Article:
MAT MARTIN | Code – Prevent Widows and Orphans in Fluid Width Web Layouts
For a recent web project I have been looking for a way to prevent widows and orphans (of the single word variety) in paragraph text. I was wondering if it was even possible to do while retaining responsive standards, where line length is fluid.
As a general rule, laying out type online (especially in responsive designs with containers of fluid width) is not the same as doing so in print. The natural flow of text and the variety of possible browser/device/screen/user combinations mean that some of the more precise rules and traditions of typesetting need to cede to practicality, usability and legibility. There are some cases though in which we do need to do this, e.g. a site for a copy writing service, an online emulation of page print, etc.
Widows and orphans are those words which get pushed onto new lines or over columns and page breaks by themselves, and they are considered bad typographic practice. Ilene Strizver explains this concisely in her article at fonts.com:
A widow is a very short line – usually one word, or the end of a hyphenated word – at the end of a paragraph or column. A widow is considered poor typography because it leaves too much white space between paragraphs or at the bottom of a page. This interrupts the reader’s eye and diminishes readability. Fix them by reworking the rag or editing the copy.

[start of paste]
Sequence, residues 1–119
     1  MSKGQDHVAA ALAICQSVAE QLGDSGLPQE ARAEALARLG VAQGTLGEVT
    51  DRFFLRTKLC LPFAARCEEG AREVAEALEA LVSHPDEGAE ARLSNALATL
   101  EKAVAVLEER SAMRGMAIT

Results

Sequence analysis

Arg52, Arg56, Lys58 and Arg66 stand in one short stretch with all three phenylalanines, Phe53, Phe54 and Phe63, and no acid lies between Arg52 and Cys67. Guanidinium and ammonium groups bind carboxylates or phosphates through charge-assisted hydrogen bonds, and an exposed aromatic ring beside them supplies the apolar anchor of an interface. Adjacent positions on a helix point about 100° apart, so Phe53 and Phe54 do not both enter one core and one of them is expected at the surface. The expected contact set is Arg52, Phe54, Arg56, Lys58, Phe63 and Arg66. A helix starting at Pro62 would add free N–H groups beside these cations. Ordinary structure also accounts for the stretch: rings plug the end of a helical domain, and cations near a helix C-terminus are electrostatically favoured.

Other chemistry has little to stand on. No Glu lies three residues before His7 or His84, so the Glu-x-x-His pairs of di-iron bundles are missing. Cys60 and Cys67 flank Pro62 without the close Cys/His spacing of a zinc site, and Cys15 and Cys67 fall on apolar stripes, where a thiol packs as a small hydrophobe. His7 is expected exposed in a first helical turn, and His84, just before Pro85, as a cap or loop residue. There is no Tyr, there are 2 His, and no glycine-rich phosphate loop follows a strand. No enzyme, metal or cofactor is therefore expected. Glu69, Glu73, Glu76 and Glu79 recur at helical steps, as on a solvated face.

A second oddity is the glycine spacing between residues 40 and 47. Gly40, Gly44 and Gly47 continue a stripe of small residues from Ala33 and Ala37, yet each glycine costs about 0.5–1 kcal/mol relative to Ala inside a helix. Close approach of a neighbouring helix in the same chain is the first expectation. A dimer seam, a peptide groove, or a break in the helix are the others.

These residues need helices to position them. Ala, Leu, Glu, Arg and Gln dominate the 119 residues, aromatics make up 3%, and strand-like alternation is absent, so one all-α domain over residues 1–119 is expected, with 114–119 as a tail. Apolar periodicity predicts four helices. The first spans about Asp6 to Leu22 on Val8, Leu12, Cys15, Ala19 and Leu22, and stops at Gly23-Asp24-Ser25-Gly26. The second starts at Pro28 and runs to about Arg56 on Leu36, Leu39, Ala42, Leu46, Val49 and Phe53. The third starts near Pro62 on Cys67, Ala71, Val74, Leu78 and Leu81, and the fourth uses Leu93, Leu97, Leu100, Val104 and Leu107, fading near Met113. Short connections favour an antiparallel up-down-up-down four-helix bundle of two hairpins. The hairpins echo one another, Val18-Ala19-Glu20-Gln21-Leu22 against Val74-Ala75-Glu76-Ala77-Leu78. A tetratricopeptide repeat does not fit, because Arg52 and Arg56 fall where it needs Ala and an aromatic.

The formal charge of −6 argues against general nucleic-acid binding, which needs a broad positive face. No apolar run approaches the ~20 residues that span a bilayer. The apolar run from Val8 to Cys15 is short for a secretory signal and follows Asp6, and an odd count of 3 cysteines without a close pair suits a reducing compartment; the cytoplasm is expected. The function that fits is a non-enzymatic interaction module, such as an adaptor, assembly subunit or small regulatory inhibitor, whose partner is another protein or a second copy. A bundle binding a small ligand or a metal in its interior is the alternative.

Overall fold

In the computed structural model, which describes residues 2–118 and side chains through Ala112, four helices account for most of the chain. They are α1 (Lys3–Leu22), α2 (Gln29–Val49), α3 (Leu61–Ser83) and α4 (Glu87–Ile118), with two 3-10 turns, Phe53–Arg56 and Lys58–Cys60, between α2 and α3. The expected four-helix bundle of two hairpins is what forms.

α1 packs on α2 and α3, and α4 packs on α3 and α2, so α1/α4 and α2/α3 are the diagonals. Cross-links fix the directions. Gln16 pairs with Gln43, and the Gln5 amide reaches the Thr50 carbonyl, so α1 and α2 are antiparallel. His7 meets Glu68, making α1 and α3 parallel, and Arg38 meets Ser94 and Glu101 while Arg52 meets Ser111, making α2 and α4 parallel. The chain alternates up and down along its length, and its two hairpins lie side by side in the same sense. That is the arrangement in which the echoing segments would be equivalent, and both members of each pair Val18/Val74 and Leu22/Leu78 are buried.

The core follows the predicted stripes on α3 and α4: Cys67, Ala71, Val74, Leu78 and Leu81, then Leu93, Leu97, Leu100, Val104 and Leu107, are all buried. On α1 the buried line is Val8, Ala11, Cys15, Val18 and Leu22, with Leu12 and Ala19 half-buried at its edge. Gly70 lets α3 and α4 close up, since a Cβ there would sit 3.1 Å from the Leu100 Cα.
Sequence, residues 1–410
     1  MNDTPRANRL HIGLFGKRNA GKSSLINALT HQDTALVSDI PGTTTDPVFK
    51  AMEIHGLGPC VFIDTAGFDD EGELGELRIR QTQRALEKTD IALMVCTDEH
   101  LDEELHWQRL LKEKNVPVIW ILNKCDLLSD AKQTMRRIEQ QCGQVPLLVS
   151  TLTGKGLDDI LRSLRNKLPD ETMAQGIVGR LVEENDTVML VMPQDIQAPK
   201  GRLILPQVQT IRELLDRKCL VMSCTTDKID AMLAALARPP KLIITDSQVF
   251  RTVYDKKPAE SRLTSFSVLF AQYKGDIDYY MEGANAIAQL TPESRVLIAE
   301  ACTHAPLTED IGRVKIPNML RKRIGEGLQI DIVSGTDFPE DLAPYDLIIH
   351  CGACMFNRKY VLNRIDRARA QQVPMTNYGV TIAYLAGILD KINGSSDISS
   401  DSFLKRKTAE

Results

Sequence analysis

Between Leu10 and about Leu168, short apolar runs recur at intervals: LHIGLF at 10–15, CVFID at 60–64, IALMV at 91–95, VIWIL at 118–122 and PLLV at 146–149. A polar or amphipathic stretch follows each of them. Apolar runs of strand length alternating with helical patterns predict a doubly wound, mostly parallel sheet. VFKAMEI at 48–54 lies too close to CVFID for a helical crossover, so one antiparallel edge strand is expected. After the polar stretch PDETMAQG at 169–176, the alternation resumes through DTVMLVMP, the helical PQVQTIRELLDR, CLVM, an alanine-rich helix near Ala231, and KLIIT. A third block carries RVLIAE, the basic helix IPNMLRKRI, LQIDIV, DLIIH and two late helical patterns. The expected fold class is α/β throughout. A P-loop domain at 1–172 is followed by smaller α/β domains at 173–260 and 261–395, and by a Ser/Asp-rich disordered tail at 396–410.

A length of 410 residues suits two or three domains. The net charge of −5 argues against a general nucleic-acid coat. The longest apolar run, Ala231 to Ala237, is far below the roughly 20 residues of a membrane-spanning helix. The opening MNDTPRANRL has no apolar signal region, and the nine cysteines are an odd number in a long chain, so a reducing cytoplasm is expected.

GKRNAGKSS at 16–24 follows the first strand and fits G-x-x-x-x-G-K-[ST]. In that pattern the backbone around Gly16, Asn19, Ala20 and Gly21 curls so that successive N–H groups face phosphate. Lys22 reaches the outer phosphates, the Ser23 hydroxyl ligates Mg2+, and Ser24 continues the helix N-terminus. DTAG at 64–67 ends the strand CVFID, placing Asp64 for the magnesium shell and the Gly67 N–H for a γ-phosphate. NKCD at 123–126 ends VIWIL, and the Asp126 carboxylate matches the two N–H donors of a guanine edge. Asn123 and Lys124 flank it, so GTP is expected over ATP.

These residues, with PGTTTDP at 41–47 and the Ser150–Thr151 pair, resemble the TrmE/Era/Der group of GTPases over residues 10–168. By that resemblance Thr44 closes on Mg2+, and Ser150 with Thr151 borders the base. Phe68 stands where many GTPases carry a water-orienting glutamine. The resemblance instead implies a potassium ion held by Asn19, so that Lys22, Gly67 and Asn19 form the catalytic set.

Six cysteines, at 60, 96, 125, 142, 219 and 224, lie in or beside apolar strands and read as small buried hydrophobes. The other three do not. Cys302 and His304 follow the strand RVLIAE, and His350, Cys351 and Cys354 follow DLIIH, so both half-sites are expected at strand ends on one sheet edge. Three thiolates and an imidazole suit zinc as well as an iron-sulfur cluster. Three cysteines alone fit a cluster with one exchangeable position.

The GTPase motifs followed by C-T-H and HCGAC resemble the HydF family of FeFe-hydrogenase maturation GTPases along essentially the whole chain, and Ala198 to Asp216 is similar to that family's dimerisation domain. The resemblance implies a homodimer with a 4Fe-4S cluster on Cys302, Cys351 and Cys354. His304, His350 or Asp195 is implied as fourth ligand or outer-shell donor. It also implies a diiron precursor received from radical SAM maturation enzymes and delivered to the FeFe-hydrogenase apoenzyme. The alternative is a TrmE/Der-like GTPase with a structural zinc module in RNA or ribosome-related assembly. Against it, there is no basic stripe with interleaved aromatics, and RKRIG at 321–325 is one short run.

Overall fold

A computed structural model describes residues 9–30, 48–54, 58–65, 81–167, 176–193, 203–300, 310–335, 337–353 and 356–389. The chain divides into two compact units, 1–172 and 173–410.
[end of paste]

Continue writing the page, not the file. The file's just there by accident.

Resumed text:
Like a widow, an orphan is a single word, part of a word or very short line, except it appears at the beginning of a column or a page. This results in poor horizontal alignment at the top of the column or page. The term “orphan” is not as commonly used as “widow,” but the concept is the same, and so is the solution: fix it!
I eventually found the way to prevent widows and orphans in a fluid-width situation in the form of a beautifully simple sideways approach to the problem from Tom Elliott on WebDevDoor. His suggestion was to include a short snippet of js which scans all paragraph text on a site and replaces the space between the last two words in each case with
– causing the page to read it as one and break the line one word earlier.
This might not be something to use as standard without thinking about it appropriateness to the project (what ever is?) but it certainly could be a useful tool in some cases. Call it in the header or footer of your template(s) and watch the line breaks line up. For more specific usage (target only
<p> text in a specific
<div>, for example), head over to Tom’s original post.